Mortality rates are elevated in people with multiple sclerosis (MS) relative to the general population. There is, however, some uncertainty whether suicide contributes to this. Epidemiological data suggest that the standardized mortality ratio (SMR) for suicide in MS is approximately twice that of the general population with younger males in the first few years following diagnosis most at risk. Rates of suicidal intent, a potential harbinger of more self-destructive behavior, are also elevated, but the frequency with which intent is followed by suicide is not known. Depression, severity of depression, social isolation, and alcohol abuse are associated with thoughts of suicide. The variables linked with suicide and suicidal intent are therefore well defined and should be readily available from routine clinical inquiry. While vigilance on the part of clinicians is required, particularly in the context of high-risk patients, it is also recognized that prevention is dependent on full disclosure of intent.

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O3

2019 Jul 12
Department of Public Health, College of Health Sciences, Kaohsiung Medical University , Kaohsiung , Taiwan
Does ambient ozone air pollution trigger suicide attempts? A case cross-over analysis in Taipei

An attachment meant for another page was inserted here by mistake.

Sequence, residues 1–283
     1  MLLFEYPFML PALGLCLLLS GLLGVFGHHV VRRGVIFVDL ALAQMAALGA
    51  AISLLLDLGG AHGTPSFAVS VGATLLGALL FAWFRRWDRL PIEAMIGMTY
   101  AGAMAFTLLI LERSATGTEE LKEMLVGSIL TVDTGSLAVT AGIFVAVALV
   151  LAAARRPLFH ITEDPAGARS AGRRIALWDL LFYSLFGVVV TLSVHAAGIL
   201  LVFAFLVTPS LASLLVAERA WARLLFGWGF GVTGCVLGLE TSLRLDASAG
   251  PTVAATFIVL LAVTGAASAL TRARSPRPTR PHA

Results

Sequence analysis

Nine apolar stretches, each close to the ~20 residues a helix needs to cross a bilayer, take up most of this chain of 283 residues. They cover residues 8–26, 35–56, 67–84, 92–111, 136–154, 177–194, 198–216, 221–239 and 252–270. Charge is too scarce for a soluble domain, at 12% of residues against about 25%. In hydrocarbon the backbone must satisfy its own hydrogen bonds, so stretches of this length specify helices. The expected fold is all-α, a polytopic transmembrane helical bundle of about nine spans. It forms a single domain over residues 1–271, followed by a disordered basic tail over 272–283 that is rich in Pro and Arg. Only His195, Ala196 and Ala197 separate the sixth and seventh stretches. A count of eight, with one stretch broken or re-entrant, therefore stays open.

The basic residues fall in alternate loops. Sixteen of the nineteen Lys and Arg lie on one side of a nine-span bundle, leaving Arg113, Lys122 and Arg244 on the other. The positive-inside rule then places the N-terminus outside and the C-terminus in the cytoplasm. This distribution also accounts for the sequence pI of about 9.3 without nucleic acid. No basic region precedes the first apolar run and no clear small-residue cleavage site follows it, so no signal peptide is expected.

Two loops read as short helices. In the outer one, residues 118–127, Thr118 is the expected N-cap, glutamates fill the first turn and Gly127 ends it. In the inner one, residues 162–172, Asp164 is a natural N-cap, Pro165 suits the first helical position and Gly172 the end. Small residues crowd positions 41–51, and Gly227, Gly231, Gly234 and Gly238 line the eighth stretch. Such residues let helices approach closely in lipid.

https://www.ncbi.nlm.nih.gov/pubmed/31298077

Abstract
Epidemiologic studies indicated that exposure to ambient air pollutants was associated with increased mortality rates attributed to suicide. The objective of this study was to investigate the potential relationship between ambient ozone (O3) levels and daily number of hospital admissions for suicide attempts in Taipei for the period 2008-2012 using a time-stratified case-crossover analysis. In the single-pollutant model (without adjustment for other pollutants), the risk of committing a suicide attempt increased by 9% on warm days and 27% on cool days for each interquartile range (IQR) rise in O3 levels, respectively. The concentration of O3 was thus significantly associated with daily number of suicide attempts both on warm and cool days. In the two-pollutant models, O3 levels remained significant after the inclusion of other air pollutants (particulate matter (PM10), PM2.5, sulfur dioxide (SO2), nitrogen dioxide (NO2), and carbon monoxide (CO)) on cool days. However, on warm days, no significant correlation was found between O3 levels and reported daily number of suicide attempts. The relationship between O3 and suicide attempts appeared to be dependent upon temperature; however, the basis for these observations requires further investigation.